NCD Alliance side event

On Monday 17 July, the NCD Alliance, together with the Permanent Mission of Chile, Permanent Mission of Thailand, and the World Health Organization, convened a side event entitled Bold actions, bold outcomes: protecting and promoting healthy food environments in the SDGs.  The event, moderated by Professor Marion Nestle of New York University, focused on country case studies of successful nutrition policies to promote healthy environments. Mr Werner Obermeyer, Deputy Executive Director of the WHO Office at the UN, provided an overview of how nutrition & diet-related NCDs affect achievement of other SDGs, and the global burden of NCDs. Mr Obermeyer also highlighted the UN Decade of Action on Nutrition as an opportunity for all stakeholders to promote and implement health-promoting policies and programs.

Dr Jaime Burrows, Vice Minister of Health, Chile provided an overview of Chile’s experience implementing a food labelling law and restrictions on marketing of unhealthy foods to children. The initial data assessing the impact of the food labelling law indicates that over 90% of consumers modified their purchasing behaviour as a result of the warning labels.

"Political will and action are required to combat industry interference to implement policies and programmes for nutrition and NCDs." - Dr Jaime Burrows, Vice Minister of Health, Chile

Dr Phusit Prakongsai, Director, Bureau of International Health, Ministry of Public Health, Thailand, described how Thailand’s approach to tackle risk factors for NCDs, including tobacco and alcohol control, multisectoral mechanisms on such as a national food committee, and promotion of taxes on unhealthy commodities. Thailand’s UHC budget for Health Promotion and Disease Prevention includes specific attention to addressing NCD risk factors, and the need to quantify not just the economic return on investment, but also the social return on investment of investing in NCD prevention and control.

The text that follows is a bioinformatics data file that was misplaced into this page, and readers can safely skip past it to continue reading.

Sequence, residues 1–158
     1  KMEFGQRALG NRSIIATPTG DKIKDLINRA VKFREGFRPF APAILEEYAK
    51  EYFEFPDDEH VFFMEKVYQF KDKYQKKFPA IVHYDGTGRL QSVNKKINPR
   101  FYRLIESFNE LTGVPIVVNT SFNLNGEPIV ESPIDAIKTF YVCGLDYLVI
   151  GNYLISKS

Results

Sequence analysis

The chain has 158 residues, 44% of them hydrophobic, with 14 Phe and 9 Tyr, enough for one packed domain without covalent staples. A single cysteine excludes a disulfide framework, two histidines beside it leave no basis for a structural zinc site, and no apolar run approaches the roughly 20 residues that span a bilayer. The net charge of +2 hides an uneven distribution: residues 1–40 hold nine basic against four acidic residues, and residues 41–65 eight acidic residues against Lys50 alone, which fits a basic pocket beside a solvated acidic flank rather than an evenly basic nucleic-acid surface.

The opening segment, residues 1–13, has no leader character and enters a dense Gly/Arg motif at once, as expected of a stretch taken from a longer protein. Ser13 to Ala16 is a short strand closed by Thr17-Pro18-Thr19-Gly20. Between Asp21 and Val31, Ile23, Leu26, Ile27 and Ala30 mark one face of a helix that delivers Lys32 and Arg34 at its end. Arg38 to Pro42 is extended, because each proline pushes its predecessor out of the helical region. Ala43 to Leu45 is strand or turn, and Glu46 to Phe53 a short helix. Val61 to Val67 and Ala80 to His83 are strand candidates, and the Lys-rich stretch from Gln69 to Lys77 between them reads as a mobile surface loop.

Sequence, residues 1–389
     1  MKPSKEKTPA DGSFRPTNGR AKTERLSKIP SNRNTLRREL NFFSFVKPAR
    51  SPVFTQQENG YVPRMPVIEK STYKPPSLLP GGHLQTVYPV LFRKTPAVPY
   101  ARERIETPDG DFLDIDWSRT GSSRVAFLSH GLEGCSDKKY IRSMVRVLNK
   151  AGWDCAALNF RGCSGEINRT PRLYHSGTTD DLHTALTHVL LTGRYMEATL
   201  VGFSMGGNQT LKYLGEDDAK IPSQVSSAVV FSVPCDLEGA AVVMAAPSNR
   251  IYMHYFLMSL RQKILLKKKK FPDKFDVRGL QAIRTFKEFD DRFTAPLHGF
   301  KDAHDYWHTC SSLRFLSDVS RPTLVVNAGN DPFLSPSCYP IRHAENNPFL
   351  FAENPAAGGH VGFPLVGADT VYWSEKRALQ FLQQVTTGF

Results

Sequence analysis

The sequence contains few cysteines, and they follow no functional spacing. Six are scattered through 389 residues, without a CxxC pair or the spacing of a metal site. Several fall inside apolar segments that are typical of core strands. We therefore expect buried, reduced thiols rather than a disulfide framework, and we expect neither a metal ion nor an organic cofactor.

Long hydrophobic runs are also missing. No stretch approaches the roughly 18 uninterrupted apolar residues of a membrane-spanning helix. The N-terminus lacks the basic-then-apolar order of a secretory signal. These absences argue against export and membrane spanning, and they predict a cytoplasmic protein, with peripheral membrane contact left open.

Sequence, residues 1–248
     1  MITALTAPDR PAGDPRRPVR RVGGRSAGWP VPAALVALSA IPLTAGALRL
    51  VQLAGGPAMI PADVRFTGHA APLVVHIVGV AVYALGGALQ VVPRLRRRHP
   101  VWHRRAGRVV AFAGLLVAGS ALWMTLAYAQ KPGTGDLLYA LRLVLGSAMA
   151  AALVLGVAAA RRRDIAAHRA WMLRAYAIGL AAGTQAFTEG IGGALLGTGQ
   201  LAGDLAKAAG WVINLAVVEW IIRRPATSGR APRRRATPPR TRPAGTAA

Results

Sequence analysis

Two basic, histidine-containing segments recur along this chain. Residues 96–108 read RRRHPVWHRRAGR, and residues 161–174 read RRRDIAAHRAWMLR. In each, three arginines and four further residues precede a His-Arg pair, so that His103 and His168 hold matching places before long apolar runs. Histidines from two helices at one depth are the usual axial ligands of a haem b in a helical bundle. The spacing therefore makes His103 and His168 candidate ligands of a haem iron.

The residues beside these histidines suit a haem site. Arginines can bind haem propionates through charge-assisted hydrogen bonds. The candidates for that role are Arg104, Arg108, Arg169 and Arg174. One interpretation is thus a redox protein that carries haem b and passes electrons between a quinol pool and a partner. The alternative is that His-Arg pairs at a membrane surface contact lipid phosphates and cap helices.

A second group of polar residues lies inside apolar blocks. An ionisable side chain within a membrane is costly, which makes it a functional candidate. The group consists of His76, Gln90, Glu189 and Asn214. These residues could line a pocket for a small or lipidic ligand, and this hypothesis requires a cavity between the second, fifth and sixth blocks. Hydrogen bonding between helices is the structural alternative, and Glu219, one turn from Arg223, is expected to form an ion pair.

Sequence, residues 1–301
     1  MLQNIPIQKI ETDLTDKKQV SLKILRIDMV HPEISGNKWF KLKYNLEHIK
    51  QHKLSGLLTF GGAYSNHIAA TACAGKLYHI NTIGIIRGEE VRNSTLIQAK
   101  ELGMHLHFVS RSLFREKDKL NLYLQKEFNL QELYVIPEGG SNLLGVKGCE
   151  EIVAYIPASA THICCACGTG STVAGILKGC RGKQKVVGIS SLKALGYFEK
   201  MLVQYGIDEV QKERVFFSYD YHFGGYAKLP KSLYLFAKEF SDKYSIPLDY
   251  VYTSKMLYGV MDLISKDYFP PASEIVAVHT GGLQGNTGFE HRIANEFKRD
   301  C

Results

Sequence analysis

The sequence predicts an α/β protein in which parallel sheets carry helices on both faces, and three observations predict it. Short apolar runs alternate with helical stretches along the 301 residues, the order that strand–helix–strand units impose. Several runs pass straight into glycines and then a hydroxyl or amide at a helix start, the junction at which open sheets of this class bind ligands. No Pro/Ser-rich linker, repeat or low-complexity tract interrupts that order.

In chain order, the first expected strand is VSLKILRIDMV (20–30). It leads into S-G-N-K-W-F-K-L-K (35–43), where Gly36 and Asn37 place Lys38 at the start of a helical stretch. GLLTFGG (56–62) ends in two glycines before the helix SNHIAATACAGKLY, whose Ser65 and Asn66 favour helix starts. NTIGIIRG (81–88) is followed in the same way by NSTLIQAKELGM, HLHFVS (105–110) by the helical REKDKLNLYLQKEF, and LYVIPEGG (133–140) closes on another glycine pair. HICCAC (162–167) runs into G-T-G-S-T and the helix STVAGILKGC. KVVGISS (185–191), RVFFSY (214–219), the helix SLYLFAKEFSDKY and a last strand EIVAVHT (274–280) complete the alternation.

Following these examples from countries, Dr Roland Kupka, Senior Nutrition Advisor, UNICEF, presented UNICEF’s new inclusion of NCDs in its plan, as the agency recognizes it has a role to play in nutrition and NCDs. Dr Kupka highlighted the importance of the first 1,000 days of a child’s life, particularly when it comes to the child’s nutrition. Without attention to exposure to NCD risk factors, children will have a higher risk of developing an NCD later in life.

Finally, Mr Luis Manuel Encarnación Cruz, Coordinator, Coalition Mexico Salud-hable, spoke on the importance of civil society engagement for successful nutrition policies, especially in the face of strong industry interference. His experience in Mexico highlighted the need for civil society to be vigilant, especially when many industry actors are part of the national commissions convened to shape nutrition policy and regulations. Civil society has an important role to play in holding governments to account and protecting the health of people.

"Civil society pushes governments to strengthen nutrition policy for health promotion and NCD reduction" - Mr Luis Manuel Encarnación Cruz, Coordinator, Coalition Mexico Salud-hable

Nutrition, addressed in SDG2 of the 2030 Agenda, has far-reaching impacts throughout the Agenda beyond health. Protecting and promoting healthy food environments in the face of industry opposition is not easy, but with strong political will, multisectoral partnerships, and civil society engagement, it is possible to implement policies that protect the health and well-being of all people.